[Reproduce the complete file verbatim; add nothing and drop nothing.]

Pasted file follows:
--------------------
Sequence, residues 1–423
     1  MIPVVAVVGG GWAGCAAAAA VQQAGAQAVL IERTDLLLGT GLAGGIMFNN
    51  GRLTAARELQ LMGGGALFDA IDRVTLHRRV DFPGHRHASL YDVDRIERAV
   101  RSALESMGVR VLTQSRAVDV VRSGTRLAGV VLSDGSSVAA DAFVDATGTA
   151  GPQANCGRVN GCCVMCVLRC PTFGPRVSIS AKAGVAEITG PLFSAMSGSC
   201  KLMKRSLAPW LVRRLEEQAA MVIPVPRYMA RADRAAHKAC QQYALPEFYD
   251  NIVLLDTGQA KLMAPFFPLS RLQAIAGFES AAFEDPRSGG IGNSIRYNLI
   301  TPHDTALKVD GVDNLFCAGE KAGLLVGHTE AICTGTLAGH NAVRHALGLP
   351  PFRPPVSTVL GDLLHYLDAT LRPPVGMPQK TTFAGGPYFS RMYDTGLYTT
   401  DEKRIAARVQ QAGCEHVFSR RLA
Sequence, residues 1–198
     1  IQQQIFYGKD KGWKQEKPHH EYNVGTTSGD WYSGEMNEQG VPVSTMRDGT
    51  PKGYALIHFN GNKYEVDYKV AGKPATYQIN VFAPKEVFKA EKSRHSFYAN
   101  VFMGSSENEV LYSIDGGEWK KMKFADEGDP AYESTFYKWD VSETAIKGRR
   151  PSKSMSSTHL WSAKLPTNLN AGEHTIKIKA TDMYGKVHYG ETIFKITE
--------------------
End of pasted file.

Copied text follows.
Sequence, residues 1–423
     1  MIPVVAVVGG GWAGCAAAAA VQQAGAQAVL IERTDLLLGT GLAGGIMFNN
    51  GRLTAARELQ LMGGGALFDA IDRVTLHRRV DFPGHRHASL YDVDRIERAV
   101  RSALESMGVR VLTQSRAVDV VRSGTRLAGV VLSDGSSVAA DAFVDATGTA
   151  GPQANCGRVN GCCVMCVLRC PTFGPRVSIS AKAGVAEITG PLFSAMSGSC
   201  KLMKRSLAPW LVRRLEEQAA MVIPVPRYMA RADRAAHKAC QQYALPEFYD
   251  NIVLLDTGQA KLMAPFFPLS RLQAIAGFES AAFEDPRSGG IGNSIRYNLI
   301  TPHDTALKVD GVDNLFCAGE KAGLLVGHTE AICTGTLAGH NAVRHALGLP
   351  PFRPPVSTVL GDLLHYLDAT LRPPVGMPQK TTFAGGPYFS RMYDTGLYTT
   401  DEKRIAARVQ QAGCEHVFSR RLA
Sequence, residues 1–198
     1  IQQQIFYGKD KGWKQEKPHH EYNVGTTSGD WYSGEMNEQG VPVSTMRDGT
    51  PKGYALIHFN GNKYEVDYKV AGKPATYQIN VFAPKEVFKA EKSRHSFYAN
   101  VFMGSSENEV LYSIDGGEWK KMKFADEGDP AYESTFYKWD VSETAIKGRR
   151  PSKSMSSTHL WSAKLPTNLN AGEHTIKIKA TDMYGKVHYG ETIFKITE